existing pseudonym or the allocation of the pseudonym if a new matter.


Family Law Act 1975 (Cth) s 121.




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Only parties identified on the cover sheet of the judgment as applicant(s) and
respondent(s) are given a pseudonym, all other names used in the judgment
are anonymised by letters or generic terminology.
As each letter used stands in place of a word, it is important that the same
letter should not be used for different words. Of necessity, particularly when
anonymising complex judgments, there may be times where this can only be
achieved by using combinations of letters.
Government agencies and large business entities do not usually require
anonymisation, unless it is apparent that failure to do so would lead to the
identification of a party or witness. For example, the fact that the parties hold
accounts with the Commonwealth Bank would not be identifying unless
account numbers were included.
Private business entities and smaller companies with which the parties have
some involvement are anonymised where possible using generic language.
However, in complex property matters, for example, it will often be
necessary to replace company names with letters. In that case it is important
to ensure that only the name of the company is edited and that the
appropriate indicator of the business type (Pty Ltd, Limited, PLC, LLC, etc.)
is retained.
Significant dates which are likely to be in the public domain, such as dates of birth,
marriage and death, should be reduced to the year only where possible, or
month and year if necessary. It is not usually necessary to anonymise dates
of separation, court-related dates, dates of personal conflicts, etc.
Geographical information such as residential and business addresses can be
anonymised using such terms as ‘the former matrimonial home’, ‘the rural
property’, ‘overseas.’ Again, particularly in more complex decisions, it may
be necessary to use letters combined with contextual descriptors. In this era
of global business and internet romance, it is important to note that the
anonymisation of overseas countries is very much dependent on context –
for example, the requesting country in a Hague Convention judgment about
international child abduction is not anonymised, given that the decision
relates to international jurisdictional issues.
Unique numerical identifiers (vehicle registration, credit card number, phone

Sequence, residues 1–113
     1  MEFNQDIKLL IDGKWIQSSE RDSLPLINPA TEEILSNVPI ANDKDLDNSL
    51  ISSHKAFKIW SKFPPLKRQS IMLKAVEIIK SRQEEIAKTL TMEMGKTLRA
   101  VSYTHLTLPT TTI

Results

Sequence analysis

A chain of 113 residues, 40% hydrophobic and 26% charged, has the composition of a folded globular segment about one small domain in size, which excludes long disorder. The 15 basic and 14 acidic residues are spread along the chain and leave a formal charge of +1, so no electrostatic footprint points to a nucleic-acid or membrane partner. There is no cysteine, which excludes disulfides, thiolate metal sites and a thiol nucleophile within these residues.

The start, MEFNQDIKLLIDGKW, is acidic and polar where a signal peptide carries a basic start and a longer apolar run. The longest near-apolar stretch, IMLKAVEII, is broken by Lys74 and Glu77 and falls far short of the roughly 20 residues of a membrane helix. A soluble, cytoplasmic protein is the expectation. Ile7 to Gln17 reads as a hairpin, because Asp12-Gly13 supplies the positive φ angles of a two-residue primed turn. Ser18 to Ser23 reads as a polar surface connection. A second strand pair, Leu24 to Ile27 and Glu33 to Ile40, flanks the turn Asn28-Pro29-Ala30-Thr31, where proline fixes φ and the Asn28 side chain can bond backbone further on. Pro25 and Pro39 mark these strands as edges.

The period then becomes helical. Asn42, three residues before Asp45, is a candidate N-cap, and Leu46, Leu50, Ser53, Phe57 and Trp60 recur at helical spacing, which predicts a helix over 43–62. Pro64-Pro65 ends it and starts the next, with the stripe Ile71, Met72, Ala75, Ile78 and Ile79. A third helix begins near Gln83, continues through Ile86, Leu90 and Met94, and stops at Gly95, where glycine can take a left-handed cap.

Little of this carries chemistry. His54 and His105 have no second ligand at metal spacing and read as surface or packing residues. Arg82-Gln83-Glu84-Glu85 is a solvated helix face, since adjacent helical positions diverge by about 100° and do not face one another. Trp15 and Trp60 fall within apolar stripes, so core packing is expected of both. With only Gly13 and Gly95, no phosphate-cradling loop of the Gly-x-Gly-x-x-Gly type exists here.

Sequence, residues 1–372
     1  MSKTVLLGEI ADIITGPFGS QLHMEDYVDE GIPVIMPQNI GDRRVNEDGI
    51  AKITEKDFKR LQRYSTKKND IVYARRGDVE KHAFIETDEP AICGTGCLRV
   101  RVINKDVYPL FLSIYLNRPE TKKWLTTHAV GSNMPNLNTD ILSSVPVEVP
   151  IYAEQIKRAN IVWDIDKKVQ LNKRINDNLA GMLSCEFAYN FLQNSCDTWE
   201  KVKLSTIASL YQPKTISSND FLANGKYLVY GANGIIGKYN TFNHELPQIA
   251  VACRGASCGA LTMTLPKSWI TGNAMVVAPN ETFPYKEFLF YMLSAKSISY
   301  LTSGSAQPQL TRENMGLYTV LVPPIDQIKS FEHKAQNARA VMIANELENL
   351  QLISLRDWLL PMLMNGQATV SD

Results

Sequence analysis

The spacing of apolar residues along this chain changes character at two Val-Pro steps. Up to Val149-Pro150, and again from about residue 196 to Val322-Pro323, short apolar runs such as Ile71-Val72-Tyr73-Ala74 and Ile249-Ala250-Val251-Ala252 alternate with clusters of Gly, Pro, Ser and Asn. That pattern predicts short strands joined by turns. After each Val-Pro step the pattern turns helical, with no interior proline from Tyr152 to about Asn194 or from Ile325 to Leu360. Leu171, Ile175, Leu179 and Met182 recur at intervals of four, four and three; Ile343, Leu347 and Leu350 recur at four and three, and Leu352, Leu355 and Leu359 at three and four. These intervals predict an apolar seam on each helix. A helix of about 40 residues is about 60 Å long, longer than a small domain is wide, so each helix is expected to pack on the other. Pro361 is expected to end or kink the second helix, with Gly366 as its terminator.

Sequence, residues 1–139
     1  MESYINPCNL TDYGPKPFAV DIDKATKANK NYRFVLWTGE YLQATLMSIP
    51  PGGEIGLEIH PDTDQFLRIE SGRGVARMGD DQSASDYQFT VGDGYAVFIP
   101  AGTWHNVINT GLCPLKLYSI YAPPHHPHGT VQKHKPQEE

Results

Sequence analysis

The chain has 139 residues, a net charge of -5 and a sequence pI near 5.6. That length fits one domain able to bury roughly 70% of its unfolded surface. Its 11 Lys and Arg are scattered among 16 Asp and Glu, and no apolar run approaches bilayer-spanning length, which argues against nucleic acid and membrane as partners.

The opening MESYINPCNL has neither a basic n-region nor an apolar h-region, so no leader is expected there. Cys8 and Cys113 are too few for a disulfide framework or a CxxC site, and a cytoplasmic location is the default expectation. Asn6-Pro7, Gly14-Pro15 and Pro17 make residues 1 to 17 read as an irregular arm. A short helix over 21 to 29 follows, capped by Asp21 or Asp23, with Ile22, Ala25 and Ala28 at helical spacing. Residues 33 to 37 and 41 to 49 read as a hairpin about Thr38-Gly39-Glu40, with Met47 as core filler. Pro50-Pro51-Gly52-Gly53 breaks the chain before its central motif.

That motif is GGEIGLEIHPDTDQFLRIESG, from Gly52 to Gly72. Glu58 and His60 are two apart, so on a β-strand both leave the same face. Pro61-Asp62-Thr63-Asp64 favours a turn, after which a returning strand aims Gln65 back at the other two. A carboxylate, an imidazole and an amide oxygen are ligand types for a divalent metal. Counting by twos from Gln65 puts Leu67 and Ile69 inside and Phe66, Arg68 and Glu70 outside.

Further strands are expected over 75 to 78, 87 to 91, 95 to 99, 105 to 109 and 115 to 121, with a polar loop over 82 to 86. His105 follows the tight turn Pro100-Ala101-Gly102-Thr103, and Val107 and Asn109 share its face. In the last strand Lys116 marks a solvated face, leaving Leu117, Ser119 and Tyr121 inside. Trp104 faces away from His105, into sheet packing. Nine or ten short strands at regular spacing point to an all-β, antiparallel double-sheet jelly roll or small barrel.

number, property folio number, ABN numbers etc) are highly identifiable
online, and should always be either replaced by an ellipsis, or an ellipsis and
the last digit(s) of the number.
Other identifying details (occupation, sports clubs, religion, volunteering,
politics, recreational pursuits etc) are anonymised as required using generic
descriptions or letters.

Publishing Family Court judgments


Quotes from other proceedings involving the same parties, including from
proceedings in other jurisdictions, are anonymised, with any changes
enclosed in square brackets. Particular care needs to be taken where quotes
are from other jurisdictions – it may not be possible to anonymise such
quotes sufficiently to prevent identification by a skilled internet searcher. In
that case, permission may be sought from the judge to omit part or all of the
quoted text with an appropriate notation (for example, ‘Sentencing reasons
omitted to comply with Family Law Act 1975 (Cth) s 121’).


Recognising and anonymising contextual information risks

Contextual information in the form of apparently innocuous facts that in and
of themselves would not be identifying but that can, in combination with
each other, become identifying, may be difficult to recognise when
anonymising judgments. This problem is compounded by the power of
internet search engines to crawl across diverse unrelated websites and
harvest relevant information.
Contextual information challenges may arise simply out of the use of
language that is specific to a particular occupation or circumstance. For
example, there is no point anonymising an occupation related to the military
where one party has been dismissed from the service, without then
anonymising the term ‘dishonourable discharge.’
A further challenge is faced where there is media coverage, unrelated to the
family law proceedings, which enables the astute online searcher (be he/she
media reporter, extended family member, child’s school friend, or local
neighbourhood gossip) to identify the parties and their children. One
example will suffice – an interlocutory judgment was published by the
Family Court wherein one of the parties was an international sportsman who
was the recipient of some lucrative sponsorship deals. The Judge was
contemplating how sponsorship deals should be dealt with in the context of
property settlement and that piece of information could not be anonymised
without impacting on the integrity of the reasons. Unfortunately,
‘sportsman’ and ‘sponsorship’ were sufficient for a well-known media outlet